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It’s the right time to invest: Telecom Italia CEO

Telecom Italia's CEO has addressed criticisms about the company's newly released investment plan, including increasing expenditure (capex) while so heavily indebted.

"We have decided to invest more because the signals coming from the market are very exciting, Marco Patuano told CNBC in an interview that aired on Wednesday.

The investment will be, among other things, in the group's 4G mobile network.

"The difference between a good 4G and not such good 4G is really crucial in order to move the competition away from prices. The competition will have to be on quality. And quality means basically better quality of the data network," Patuano told CNBC.

"It's the right time. So we have to accelerate," Patuano added.


Marc Hill | Bloomberg | Getty Images

Telecom Italia's plans to step up its spending on building out faster fixed and mobile networks in its home market over the next three years, have been met with some concern.

Outlining its investment plan to 2018, the company said on Tuesday it would spend 12 billion euros ($13.4 billion) over the three years in Italy, including 3.6 billion to lay fiber optic cables.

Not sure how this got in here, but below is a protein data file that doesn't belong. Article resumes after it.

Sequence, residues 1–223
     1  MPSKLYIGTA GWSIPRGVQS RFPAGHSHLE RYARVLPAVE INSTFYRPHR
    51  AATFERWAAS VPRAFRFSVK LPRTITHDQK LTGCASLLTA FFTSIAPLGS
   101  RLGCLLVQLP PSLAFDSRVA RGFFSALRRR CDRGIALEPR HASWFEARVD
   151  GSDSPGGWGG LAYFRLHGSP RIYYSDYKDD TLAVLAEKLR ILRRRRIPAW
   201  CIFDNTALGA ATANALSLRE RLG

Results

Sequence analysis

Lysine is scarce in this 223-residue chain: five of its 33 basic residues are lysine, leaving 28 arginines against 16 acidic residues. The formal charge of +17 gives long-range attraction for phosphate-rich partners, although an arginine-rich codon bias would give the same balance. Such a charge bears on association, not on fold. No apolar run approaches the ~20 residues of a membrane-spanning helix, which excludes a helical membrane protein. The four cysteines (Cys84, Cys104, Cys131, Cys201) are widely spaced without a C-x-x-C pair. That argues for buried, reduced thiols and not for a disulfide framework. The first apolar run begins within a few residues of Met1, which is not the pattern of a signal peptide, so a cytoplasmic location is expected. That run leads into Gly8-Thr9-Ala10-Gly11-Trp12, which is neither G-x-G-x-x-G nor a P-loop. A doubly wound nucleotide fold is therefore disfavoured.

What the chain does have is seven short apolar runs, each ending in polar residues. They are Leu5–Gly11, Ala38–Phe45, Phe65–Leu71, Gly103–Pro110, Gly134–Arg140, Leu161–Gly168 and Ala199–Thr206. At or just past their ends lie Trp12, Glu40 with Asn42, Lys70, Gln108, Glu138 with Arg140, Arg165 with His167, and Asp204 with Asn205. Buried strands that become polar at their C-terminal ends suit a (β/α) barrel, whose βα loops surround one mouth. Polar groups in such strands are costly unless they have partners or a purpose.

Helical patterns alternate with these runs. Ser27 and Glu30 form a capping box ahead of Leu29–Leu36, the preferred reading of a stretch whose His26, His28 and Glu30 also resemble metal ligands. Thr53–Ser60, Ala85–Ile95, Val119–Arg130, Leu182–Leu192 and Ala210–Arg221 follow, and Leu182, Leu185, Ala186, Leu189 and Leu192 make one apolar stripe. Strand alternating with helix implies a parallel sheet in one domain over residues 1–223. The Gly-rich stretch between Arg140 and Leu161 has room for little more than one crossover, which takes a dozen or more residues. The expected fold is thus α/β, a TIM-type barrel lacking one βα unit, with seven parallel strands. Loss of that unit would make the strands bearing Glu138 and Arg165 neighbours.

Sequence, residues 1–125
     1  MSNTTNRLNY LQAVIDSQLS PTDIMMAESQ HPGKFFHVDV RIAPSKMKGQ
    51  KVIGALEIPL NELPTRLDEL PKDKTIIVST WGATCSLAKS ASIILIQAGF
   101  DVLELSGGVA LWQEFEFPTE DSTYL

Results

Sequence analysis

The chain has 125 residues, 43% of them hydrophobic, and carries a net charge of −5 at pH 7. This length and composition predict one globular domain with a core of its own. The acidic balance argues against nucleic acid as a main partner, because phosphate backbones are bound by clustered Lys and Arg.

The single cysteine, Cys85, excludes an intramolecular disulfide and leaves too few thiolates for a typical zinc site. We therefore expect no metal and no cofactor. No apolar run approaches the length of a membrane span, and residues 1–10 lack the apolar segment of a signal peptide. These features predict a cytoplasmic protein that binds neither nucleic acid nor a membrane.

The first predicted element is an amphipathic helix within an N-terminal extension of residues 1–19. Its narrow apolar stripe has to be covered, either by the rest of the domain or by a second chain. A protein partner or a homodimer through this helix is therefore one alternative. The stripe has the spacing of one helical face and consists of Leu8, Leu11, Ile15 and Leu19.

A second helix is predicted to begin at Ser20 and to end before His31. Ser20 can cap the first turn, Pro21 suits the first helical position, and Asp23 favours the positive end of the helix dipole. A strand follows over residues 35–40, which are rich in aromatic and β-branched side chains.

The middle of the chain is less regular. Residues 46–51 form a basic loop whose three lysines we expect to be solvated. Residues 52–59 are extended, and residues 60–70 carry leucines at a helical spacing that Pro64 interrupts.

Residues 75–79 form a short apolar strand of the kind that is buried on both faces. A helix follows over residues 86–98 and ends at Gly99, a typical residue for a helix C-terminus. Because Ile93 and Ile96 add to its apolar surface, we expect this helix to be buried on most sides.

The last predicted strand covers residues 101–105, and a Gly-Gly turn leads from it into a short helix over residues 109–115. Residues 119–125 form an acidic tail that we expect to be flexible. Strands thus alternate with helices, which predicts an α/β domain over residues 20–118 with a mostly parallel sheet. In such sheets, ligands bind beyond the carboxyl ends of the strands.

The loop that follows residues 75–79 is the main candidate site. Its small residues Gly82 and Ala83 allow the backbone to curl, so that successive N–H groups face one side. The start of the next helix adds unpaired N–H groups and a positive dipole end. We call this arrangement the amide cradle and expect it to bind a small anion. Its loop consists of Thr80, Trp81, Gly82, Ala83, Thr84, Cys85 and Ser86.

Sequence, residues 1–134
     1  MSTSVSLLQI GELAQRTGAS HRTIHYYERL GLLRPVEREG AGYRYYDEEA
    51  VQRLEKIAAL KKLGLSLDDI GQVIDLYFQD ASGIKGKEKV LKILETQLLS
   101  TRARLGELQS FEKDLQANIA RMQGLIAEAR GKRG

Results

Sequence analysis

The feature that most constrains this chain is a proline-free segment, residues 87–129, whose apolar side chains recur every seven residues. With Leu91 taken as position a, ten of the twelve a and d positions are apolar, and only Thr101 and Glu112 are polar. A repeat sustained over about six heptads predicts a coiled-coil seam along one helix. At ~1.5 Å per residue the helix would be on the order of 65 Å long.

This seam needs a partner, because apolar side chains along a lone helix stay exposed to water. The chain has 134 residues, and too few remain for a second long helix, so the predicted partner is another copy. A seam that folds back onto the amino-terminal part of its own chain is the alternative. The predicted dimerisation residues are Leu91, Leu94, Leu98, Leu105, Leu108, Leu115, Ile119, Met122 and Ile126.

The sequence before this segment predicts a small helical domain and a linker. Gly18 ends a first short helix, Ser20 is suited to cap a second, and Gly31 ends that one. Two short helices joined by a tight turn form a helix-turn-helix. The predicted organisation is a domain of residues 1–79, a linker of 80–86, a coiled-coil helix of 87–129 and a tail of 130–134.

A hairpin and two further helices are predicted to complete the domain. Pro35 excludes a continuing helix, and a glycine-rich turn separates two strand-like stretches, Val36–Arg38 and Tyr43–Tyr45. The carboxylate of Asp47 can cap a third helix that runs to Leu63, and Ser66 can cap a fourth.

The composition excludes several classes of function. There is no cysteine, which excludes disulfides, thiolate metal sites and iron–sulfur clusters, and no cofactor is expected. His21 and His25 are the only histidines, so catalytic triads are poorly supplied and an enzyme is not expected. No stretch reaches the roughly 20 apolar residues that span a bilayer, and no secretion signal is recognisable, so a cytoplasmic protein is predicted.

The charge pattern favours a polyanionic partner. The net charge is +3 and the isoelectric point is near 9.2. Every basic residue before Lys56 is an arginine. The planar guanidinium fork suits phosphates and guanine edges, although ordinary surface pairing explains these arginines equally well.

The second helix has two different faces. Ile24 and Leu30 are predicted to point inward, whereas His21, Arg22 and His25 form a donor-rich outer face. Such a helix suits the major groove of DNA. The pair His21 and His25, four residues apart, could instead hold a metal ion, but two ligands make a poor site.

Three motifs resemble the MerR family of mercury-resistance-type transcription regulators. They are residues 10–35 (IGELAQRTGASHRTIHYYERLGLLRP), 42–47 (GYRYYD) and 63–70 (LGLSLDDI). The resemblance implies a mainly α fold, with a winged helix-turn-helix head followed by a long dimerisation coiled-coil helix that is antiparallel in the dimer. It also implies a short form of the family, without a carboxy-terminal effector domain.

"I think that in such volatile markets, when you go there and you say: I'm going to do more capex, you need a bit of time to go through the model and to digest if it is a good idea or not," Patuano said of the concerns.

"One year ago, everyone would say: I will do more capex - it could have been good or bad but it was something that the market generally speaking was liking. Today the market is much more selective and I think they need a bit of time to really digest the numbers and the figures and so on."


Patuano told CNBC that the company had asset disposals in their investment plan.

"We have to complete the exit from Argentina which is decided, so we are not changing our mind," said Patuano. The group could find further assets to sell if it needed the cash, he said.

Reuters reported Tuesday that the Italian telecoms company was targeting early voluntary redundancies for around 3,300 workers in Italy and aimed to cut an additional 250 staff as it seeks to cut costs.

Between 2016-18, the company will also use solidarity contracts, under which employees work less but are also paid less. Those contracts will be used to avoid the equivalent of 2,600 layoffs, the agency said.

The company released disappointing full-year earnings before interest, tax, depreciation and amortization of 7 billion euros (7.81 billion USD), down 20.3 percent from the previous financial year.


Reuters contributed to this story.

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